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In 2012, the Gates Foundation awarded a nearly $810,000 grant to Cranfield University to help develop what would eventually become the Nano Membrane Toilet. Unlike other toilets, this unit doesn’t require any type of plumbing, instead, it contains its own mechanisms to keep contents separate and clean without giving off any unpleasant odor or loose waste.
The Nano Membrane Toilet is designed to use methods such as solids separation, loosely bound water separation, and combustion to dispose of excess waste products, provide energy, and even produce water for bathing or watering crops.
The toilet’s delicate built-in mechanisms are designed exclusively around separating and disposing of urine and fecal matter without the need for added water. The “bad” part of urine is separated out from usable water with a “unique nanostructured membrane wall” within the toilet. After that, the water is sent to a tank where it can be accessed by the user. It’s important to note here that the water harvested by this toilet is intended for use in bathing and feeding plants, but the process doesn’t quite make the liquid suitable for drinking by humans.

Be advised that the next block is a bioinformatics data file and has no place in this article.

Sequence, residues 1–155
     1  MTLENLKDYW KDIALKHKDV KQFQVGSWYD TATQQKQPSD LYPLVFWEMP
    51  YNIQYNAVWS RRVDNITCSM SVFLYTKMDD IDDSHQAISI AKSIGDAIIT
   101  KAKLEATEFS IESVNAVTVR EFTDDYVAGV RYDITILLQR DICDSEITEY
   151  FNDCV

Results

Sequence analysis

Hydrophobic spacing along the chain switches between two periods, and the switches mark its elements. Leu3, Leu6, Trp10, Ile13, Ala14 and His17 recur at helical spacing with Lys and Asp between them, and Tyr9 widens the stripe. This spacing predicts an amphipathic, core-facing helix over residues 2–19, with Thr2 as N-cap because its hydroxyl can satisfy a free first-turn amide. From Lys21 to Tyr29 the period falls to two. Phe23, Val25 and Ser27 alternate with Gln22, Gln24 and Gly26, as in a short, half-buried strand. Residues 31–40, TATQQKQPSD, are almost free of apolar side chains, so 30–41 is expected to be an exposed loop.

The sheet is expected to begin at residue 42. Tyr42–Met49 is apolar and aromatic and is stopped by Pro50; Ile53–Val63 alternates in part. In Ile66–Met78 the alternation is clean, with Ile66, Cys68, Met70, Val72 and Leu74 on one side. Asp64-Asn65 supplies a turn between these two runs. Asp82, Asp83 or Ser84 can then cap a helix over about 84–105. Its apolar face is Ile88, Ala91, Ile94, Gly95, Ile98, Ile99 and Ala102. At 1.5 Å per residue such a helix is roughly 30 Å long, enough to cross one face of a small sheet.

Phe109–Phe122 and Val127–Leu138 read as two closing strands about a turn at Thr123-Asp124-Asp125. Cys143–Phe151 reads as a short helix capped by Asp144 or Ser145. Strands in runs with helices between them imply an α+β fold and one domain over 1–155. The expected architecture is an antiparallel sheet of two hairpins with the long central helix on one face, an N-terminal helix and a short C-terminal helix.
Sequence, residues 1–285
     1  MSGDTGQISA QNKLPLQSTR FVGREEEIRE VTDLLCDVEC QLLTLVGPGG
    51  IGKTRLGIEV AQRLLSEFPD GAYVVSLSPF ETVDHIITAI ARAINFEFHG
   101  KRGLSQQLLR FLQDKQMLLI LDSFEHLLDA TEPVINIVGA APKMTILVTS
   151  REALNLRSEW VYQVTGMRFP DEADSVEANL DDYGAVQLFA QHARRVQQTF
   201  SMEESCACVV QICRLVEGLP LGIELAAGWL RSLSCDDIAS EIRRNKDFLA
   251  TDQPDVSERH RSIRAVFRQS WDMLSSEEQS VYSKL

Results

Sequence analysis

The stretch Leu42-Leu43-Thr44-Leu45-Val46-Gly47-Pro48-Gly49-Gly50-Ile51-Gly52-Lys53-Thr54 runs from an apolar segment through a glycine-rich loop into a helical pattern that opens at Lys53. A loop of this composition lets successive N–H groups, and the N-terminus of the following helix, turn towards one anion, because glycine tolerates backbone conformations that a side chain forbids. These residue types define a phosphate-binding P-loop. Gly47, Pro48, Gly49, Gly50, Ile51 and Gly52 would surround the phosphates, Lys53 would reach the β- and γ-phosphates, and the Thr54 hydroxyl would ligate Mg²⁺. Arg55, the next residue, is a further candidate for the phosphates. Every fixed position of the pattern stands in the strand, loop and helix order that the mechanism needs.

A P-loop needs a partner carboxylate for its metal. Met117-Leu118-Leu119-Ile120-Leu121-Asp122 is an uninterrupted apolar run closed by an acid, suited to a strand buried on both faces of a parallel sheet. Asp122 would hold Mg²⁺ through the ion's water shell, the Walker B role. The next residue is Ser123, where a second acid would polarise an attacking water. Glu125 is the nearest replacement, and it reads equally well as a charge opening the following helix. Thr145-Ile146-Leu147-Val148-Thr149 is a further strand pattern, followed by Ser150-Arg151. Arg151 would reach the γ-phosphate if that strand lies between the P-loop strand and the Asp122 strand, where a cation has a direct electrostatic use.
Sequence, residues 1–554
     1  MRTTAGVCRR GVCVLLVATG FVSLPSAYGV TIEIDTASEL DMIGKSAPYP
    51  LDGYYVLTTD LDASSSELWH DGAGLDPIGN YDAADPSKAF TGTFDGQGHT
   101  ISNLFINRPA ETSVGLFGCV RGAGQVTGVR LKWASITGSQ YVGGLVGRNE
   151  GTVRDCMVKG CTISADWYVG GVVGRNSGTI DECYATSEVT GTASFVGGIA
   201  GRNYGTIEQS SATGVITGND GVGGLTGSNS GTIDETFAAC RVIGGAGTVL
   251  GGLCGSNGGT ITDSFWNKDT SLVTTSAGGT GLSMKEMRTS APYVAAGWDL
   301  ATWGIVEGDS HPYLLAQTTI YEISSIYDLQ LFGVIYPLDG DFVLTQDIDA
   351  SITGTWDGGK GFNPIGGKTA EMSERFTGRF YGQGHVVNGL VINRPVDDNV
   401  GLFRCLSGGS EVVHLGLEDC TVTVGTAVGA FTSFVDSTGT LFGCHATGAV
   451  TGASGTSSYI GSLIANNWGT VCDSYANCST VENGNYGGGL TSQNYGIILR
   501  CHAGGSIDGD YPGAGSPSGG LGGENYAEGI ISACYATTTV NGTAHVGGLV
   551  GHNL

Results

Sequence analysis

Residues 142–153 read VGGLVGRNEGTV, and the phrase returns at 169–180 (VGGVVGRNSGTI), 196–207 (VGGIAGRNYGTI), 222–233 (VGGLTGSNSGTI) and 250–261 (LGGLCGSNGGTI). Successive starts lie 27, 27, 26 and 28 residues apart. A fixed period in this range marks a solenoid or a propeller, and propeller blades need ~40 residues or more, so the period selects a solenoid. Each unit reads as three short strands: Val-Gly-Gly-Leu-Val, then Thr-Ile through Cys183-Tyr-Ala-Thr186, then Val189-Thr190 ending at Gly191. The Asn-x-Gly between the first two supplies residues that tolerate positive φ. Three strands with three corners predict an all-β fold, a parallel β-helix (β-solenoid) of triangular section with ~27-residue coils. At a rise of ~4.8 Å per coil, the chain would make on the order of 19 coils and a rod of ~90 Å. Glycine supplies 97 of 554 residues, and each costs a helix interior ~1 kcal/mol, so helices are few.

Meanwhile, solids are sedimented (meaning they sink to the bottom of the toilet), then separated with a thin blade and sent to a combustor to be turned into electricity for low-power applications, such as mobile phone charging. After combustion, the result is an ashy substance that requires removal once per month.
A response to the worldwide sanitation crisis
As of June 23, 2021, about 46% of the world population didn’t have access to proper sewage treatment according to the World Health Organization. When you use the toilet in a modern home (presumably with a modern plumbing system attached), you probably don’t think about where your waste goes after you’re finished. It’s a starkly different, and much more sanitary experience to have access to such a commodity versus needing to rely on a latrine that exists outside of your home. But outside of North America, Australia, and parts of Europe, it’s far more common to see an entire family relying on one bathroom (or a rough equivalent).
When your urine and feces don’t have anywhere to go, your toilet (or in many instances, your latrine pit) leaves runoff waste products that attract dangerous bacteria and have the potential to pollute nearby water sources and therefore spread disease. This is often the case in places like Ghana, where “as [of] 2015, only one rural household out of ten were using improved household toilets while three in every ten of them practiced open defecation,” according to UNICEF.
In response to the worldwide sanitation crisis, Bill Gates is leading the charge on just one of many entrepreneurial forces that seek to invent and proliferate a newer, cleaner, and less ecologically demanding toilet.